If there is anything on earth I love, it is an
industrious, grateful, benevolent, and patriotic people.
Industry, gratitude, benevolence and patriotism, make a truly
great and good people.
Knowing this to be
true, I cannot forbear expressing my sentiments to the ladies of
Griffin. Ever true and patriotic to our cause, they are acting
nobly their part in the great struggle for Southern independence.
When we come to make up the history of our country, then those
bright deeds of the ladies of Griffin will be registered on its
pages, and will there stand as everlasting memorials of their
gratitude and kindness.
These kind ladies
visit the hospitals every day, and by their soft words and
bewitching smiles, cheer the drooping min of the sick and wounded
soldier. They also bring along with them niceties of every kind
and description, such as are best adapted to the nature and cases
of the sick and wounded. This is not a now and then occurrence,
but every day they come to see the sick and wounded, and furnish
such things and nourishments as they may need. to speak all in a
few words, they have done much and are still doing all in their
power to render the sick and wounded comfortable, and to ensure,
if possible, a speedy recovery. Many of the sick and wounded
soldiers are far away from home and kindred, where they cannot
even hear from them. O! how dear these kind and affectionate
ladies must feel to them! True, there is no kind mother of
affectionate sister to wipe the tears from their eyes; to soothe
them in their sorrows, to comfort and console them in their pains
and distresses; but yet these kind ladies are ever ready and
willing to administer to their wants and necessities. Language
fails me to express my sentiments to these kind and endearing
ladies, and of their noble, patriotic and generous deeds. Suffice
it to say they are all right, and have done, and are still doing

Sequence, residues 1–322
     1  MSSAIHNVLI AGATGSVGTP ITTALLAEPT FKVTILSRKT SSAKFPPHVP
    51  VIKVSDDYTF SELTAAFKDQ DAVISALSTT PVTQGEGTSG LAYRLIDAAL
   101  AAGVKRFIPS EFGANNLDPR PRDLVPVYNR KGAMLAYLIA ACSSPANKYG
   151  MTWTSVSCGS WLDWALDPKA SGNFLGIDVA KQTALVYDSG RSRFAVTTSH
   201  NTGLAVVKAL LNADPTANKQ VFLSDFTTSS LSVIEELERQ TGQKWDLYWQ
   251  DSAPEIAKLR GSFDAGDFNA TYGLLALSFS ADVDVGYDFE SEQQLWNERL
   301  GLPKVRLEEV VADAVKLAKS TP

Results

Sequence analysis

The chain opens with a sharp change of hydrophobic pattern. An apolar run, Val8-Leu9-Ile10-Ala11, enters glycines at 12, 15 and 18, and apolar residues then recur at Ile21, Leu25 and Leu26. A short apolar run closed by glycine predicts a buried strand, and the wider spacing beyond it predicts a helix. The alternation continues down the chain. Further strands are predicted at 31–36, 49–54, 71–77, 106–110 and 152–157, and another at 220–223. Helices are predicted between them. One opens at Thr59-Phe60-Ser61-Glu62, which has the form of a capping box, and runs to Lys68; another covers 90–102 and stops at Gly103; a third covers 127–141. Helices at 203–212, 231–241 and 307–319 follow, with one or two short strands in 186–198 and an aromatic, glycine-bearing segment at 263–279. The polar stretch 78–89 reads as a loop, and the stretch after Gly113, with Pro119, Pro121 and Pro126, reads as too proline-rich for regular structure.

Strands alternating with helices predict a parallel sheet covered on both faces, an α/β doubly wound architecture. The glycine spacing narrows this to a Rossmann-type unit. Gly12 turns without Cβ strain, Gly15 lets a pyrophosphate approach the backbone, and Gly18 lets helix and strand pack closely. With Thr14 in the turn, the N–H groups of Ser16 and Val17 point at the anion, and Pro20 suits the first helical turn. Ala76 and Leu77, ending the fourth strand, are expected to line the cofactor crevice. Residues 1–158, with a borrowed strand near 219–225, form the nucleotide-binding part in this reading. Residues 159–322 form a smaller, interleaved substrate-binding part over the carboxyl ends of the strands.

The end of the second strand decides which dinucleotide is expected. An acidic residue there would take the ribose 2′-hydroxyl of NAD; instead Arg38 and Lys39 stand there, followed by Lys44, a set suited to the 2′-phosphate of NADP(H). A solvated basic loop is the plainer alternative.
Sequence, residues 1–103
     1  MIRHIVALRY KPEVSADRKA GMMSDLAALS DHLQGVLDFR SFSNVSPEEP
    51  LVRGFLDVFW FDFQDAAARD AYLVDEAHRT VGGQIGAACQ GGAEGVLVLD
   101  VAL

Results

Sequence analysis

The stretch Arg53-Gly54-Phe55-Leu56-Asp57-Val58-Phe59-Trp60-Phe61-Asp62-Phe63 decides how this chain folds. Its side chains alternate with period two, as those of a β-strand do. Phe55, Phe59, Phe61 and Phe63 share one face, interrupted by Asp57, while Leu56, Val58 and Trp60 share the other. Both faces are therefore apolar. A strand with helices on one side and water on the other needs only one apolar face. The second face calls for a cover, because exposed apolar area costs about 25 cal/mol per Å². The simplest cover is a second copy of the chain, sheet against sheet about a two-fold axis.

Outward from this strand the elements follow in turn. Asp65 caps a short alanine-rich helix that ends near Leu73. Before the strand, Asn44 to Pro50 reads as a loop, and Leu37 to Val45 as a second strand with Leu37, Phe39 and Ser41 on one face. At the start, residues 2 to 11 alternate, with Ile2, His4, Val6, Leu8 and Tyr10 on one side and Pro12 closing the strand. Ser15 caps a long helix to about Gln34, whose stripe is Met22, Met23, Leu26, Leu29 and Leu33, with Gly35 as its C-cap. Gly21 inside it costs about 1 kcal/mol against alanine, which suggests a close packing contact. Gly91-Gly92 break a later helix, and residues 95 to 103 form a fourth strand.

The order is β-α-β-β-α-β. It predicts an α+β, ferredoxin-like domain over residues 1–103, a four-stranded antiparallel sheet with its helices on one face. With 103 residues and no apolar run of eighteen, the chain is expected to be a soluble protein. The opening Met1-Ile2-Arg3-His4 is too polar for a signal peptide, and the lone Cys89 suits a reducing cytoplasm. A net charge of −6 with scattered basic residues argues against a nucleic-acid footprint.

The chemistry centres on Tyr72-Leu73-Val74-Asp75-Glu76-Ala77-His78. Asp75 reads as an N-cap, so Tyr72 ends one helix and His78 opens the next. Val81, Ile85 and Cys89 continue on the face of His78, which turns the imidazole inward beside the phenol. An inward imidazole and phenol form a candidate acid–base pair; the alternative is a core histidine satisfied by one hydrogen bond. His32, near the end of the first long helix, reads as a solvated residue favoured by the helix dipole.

all in their power for the comfort and improvement of the sick and
wounded soldiers. Heaven will smile upon them for these generous
deeds, and though, at times, their sorrows may be great and many,
yet they will, in due season, reap the reward which they so nobly
It gives me great
pleasure to know that when I write home to my dear companions and
friends, I can tell them of the noble, patriotic and kind deeds of
the ladies of Griffin, Ga.
that you will receive the reward which you so nobly and justly
merit, I now return you, not only my thanks, but the thanks of all
who have been inmates of any of the hospitals in the city, for
your kindness and attention. I speak for all, and I know they
will say amen to all I have said. You have acted the part of
mothers and sisters to us, and we shall ever feel grateful for
it. When we leave you and are far away on the tented field of
battle, then will we cherish the fond recollection of you and your
noble deeds. In the hour of battle the recollection of you and
your kindness will nerve and buoy us up to acts of more noble
daring. Your acts of kindness will never be forgotten by us.
Flowers may bloom and fade away, but these acts of kindness, like
the bright morning star, shall still continue to burnish forth
till the last day. Soon you will all be lying in the silent
slumbers of death, but these acts of kindness will remain on the
pages of history, and succeeding generations will boast of you,
and point their children to your great and illustrious deeds with
much pleasure and joy.
May the blessings of
heaven rest on you and all who, like you, are true to our cause!
May you live a long and prosperous life! Then, when you come to
die, may you shout triumphantly over both sin and the devil--in
heaven may you find a home at last!
Quintard Hospital, Bunk
122, Oct. 29, '63.